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Discussion Starter · #1 ·
Sometimes it is the small things one can do that will extend the life and reduce the repair bills or the difficulty of a repair. Every machine can have different issues but maybe we can help one another by giving our opinion on different maintenance issues that we come across. So here is my first tip.

Tip: Front/Rear feed chain slip clutch is on a spline shaft and the pulley is attached to it. A one half inch bolt holds it on and allows the slip clutch to slide back and forth for no good reason as far as I can tell other than to wear the shaft and slip clutch splines. After about 2000 hrs the pulley was rocking so much that both the shaft and the slip clutch needed replacing. Check out the back of the rear feed pulley and you see a lot of wear from the rear feed reverser chain slapping the back of the rocking pulley.
SOLUTION: install a spacer/washer to stop this movement between the half inch bolt/washer and the slip clutch. The spacer/washer needs to be the size of the shaft and thin so that it still allows the bolt to get tight against the shaft. Do the same to both front and rear feed and check for free play occasionally.
 

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Discussion Starter · #2 ·
Re: A repairs and maintenance tip’s thread.

Tip: If you find that the conveyor swing auger goes flying into its resting position with-out a slow down at the last foot or so you have lost an o-ring inside the cylinder (part # 71365013-3 or 70923808-3 for R42&R52 sorry don’t remember which one but I think it is most likely the second part number). This repair is relatively simple from inside the bin. Remove the hydraulic line. Tap in the head. Remove snap ring. Wiggle out the head. Install the missing o-ring and reassemble.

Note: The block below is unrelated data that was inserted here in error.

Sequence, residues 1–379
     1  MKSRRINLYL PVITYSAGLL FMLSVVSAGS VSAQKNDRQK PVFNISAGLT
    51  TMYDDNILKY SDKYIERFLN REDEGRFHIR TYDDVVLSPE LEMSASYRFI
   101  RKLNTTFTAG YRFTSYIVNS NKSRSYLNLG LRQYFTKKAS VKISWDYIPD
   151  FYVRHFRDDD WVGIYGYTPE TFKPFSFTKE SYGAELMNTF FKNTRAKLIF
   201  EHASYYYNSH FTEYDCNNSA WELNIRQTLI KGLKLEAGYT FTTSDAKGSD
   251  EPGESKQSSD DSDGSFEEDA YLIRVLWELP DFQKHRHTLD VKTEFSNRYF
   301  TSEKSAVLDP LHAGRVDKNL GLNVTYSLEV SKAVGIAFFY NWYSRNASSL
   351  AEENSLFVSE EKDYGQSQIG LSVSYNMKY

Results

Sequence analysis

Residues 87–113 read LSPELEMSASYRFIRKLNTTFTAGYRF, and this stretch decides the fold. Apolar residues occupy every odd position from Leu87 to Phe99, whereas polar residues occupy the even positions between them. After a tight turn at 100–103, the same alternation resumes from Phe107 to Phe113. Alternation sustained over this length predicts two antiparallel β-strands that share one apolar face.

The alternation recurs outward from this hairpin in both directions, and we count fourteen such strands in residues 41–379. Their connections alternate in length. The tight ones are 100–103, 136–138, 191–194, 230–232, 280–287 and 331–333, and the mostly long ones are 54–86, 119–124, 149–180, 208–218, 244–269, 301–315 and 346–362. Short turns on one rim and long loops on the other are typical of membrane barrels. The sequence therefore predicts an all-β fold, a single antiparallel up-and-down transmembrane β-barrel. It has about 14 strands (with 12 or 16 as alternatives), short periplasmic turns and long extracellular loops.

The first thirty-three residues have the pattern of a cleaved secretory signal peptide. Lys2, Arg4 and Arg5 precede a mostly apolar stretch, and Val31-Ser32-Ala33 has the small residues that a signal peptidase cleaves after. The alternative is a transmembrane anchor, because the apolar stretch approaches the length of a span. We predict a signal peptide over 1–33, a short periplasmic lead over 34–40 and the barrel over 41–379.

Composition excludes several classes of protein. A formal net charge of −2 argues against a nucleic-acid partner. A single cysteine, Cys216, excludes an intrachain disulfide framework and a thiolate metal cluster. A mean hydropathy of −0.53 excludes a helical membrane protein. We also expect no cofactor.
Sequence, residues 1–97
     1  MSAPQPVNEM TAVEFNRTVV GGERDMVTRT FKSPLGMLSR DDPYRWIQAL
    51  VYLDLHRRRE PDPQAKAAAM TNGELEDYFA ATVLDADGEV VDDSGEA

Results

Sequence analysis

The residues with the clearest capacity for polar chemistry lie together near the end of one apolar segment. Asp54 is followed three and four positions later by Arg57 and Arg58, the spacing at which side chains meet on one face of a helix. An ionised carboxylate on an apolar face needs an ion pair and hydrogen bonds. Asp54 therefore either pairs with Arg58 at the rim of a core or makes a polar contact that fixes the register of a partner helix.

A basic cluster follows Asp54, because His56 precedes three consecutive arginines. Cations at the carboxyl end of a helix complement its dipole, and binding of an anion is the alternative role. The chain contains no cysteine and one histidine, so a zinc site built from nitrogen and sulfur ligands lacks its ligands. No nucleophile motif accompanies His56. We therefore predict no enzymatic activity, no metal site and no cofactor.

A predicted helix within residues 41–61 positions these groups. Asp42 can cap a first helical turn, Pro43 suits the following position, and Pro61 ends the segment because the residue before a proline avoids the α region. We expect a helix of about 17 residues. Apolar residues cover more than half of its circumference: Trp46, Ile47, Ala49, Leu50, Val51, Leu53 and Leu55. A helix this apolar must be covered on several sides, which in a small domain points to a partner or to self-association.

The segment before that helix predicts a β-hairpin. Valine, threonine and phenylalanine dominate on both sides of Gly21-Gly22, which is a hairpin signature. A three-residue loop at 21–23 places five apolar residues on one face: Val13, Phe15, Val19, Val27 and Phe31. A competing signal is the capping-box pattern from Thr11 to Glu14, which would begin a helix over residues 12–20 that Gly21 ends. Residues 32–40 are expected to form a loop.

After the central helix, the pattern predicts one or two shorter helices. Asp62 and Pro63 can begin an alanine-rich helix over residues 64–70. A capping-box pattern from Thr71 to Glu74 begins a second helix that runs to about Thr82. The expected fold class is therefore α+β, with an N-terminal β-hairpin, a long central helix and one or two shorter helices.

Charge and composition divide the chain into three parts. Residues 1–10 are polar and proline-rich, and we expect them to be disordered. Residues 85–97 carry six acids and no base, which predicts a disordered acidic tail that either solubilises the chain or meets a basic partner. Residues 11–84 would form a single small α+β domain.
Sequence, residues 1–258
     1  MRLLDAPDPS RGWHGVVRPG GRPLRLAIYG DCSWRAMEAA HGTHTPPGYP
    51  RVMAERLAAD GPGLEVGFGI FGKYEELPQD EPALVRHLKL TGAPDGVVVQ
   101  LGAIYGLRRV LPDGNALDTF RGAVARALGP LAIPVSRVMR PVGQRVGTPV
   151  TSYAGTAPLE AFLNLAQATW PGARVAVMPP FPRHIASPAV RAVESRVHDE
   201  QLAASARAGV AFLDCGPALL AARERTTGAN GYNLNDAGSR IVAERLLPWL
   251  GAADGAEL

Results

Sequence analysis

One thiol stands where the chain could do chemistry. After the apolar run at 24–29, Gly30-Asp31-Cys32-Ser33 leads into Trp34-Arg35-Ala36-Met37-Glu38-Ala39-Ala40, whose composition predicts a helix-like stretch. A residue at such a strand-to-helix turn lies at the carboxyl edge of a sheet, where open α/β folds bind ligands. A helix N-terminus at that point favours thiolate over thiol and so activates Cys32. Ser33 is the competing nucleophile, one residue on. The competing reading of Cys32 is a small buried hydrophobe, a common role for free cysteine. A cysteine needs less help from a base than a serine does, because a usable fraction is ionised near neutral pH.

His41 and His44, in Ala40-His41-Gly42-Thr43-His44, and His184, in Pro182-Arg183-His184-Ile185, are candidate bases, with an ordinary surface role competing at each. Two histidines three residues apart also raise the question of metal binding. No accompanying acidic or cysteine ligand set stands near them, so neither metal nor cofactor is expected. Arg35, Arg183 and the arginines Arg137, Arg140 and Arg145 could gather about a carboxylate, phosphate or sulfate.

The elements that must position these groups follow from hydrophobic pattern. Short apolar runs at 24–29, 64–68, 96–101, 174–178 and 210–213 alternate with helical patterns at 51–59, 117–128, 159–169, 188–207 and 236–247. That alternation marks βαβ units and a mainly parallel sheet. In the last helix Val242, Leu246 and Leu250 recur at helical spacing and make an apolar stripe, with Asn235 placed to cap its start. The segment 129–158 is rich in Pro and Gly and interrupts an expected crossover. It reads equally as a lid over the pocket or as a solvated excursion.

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Discussion Starter · #3 ·
Re: A repairs and maintenance tip’s thread.

Tip: If your variable speed drive for the corn head is constantly slowing down and you are tired of speeding it up and find that you generally run it almost as fast as possible. A bushing on the 3 bolts that the sheave slides on will hold it at a higher speed. A little trial and error may be necessary to find the slowest speed that you want the header to run at. Simple to try. One set the variable speed to maximum and shut down engine. Measure the distance between the bolt and the sheave. Find or cut 3 bushings that will fit with a little play. Remove bolts and install bolts one at a time, sliding bushing on the bolt then reinstall bolts. Note these bushings must be removed to slow down the drive for grain head operation. I have done this for the past two years and am quite pleased. The true fix is likely to replace some internal o-rings but this works for me. Try at your own pleasure or pearl.
 

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Re: A repairs and maintenance tip’s thread.

we had the same problem with the corn head slowing down. The fix for this was very simple. The hydralic hose that gets switched from the reel lift to the variable speed head coupler, where this hose connects to the combine there is a by pass valve that goes bad. We replaced ours a number of years ago and have had no problems since.